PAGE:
You probably already suspect that fibromyalgia pain and weather changes tend to interplay with each other.
As human beings, we tend to talk about the weather a lot. For many people it might be more in terms of a disruption to their planned activities or just making small talk. However, for those of us with fibromyalgia, the weather changes can cause many symptoms to increase and really affect our overall well-being.
You often hear me talk about things like Spring allergies and how these might increase the propensity for flares. There can be additional fatigue during seasonal changes and weather or temperature changes.
Do you often know that a weather change is coming by the aches or cramps in your muscles? Perhaps you tend to feel exhausted and unable to function when temperatures drop in the winter. What happens when the weather moves through a period of high atmospheric pressure? If you have fibromyalgia and you have noticed that your pain spikes and dips along with the temperatures outdoor, you’re picking up on the connection between fibromyalgia pain and weather.
In a study performed by Dr. Ingrid Strusberg in Australia, the fibromyalgia-weather connection was studied through questionnaires. 151 people suffering from fibromyalgia or arthritis answered questions regarding their pain at different times throughout a one-year period. Their results were compared against 32 adults with no known medical conditions, and it was clear that the pain experienced by the first group did correspond to outdoor temperatures.
Those with fibromyalgia were more likely to experience pain when the weather was cold and when the humidity or atmospheric pressure were high. While many medical professionals dismiss the idea that pain can spike when temperatures drop, many people suffering from chronic pain experience this phenomenon on a routine basis.
I know for myself, and many people I have worked with over the years, that weather changes can definitely exacerbate symptoms in fibromyalgia, and its primary co-conditions. Do most of us need a study to verify that? Not really, but it is good to know, right?
The best thing that you can do as a person with fibromyalgia is listen to your body. Keep a short term weather log that details how you feel along with the weather outside. Include the temperature highs and lows, precipitation, humidity levels, and other relevant information.
Notice if you start having any water retention around weather changes. If you have any form of arthritis like many of us do, you might notice more joint pain. With both fibromyalgia and arthritis, you might also notice the joints affected tend to correlate with tender areas of the fibro body, like the neck, knees, hips, and lower back.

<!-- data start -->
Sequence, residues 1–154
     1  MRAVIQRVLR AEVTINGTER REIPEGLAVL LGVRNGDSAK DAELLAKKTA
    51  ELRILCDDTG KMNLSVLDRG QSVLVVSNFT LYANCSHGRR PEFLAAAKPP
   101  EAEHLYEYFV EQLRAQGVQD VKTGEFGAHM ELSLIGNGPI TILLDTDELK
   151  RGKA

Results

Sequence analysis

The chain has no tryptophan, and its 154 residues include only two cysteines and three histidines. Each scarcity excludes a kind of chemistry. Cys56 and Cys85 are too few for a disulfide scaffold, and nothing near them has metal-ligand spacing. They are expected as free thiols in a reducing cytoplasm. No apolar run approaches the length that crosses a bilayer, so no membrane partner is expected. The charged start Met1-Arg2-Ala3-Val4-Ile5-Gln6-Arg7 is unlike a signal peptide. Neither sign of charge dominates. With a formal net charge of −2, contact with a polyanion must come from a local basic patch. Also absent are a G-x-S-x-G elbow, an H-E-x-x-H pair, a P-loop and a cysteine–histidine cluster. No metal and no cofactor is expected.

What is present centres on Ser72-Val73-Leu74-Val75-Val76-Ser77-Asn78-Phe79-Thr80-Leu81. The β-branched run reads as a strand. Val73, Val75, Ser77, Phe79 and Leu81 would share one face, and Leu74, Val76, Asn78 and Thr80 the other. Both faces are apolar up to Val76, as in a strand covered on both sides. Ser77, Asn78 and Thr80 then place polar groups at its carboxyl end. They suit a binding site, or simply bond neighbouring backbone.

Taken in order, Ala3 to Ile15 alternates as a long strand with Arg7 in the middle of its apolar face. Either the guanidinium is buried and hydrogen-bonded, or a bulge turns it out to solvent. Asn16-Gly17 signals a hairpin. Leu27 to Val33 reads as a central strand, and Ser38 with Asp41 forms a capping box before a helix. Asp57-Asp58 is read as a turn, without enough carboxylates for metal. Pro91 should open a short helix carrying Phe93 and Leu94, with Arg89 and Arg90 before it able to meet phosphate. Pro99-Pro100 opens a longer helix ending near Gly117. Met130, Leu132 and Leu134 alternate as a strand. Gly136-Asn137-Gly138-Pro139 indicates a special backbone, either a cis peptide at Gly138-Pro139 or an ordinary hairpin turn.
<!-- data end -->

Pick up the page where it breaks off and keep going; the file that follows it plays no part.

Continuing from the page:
Because people with fibromyalgia tend to have temperature dysregulation issues, you might find it more challenging to acclimate when the seasons change.
Could there be a positive side to weather changes?
Have you ever experienced the "calm before the storm?" and felt a sense of euphoria or lightness in your body? The barometric changes are not always negative. Sometimes before a rain, you might feel lighter and other times you might feel pain and heaviness. It is hard to know, but if you track your own patterns, you may see that it's not always negative.
Also during and after a good rain, you can get the added benefit of negative ions, which can be relaxing to the mind and body. The negative ions are helping to clear the air of allergens, pollen, and toxins. It's truly a good thing.
If you do notice that you experience more pain when the weather dips below a specific temperature or when it falls within a clear temperature range, moving may cross your mind. For most people, pain increases when it’s cold outside or during periods of high precipitation or humidity. If you currently live in a climate that experiences a high level of rainfall or extremely cold winters, then moving to a warmer year round climate is something that you and family members should consider if at all possible.
If it is not possible for you to move, then you might get creative in how you can create a strategy for better managing of symptoms. You might consider getting an inexpensive infra-red sauna, like the one we have in our Natural Remedies page.
It’s clear that many people who live with chronic pain experience fluctuations in pain levels as the weather patterns shift. Listen to your body and do what you believe is best for your health. If moving to a warmer or dryer region would allow you to live a more active lifestyle with less debilitating pain, then moving may be in your best interest. There might always be family or financial issues that make these kinds of moves more challenging, but keeping your options open can be helpful in the long run.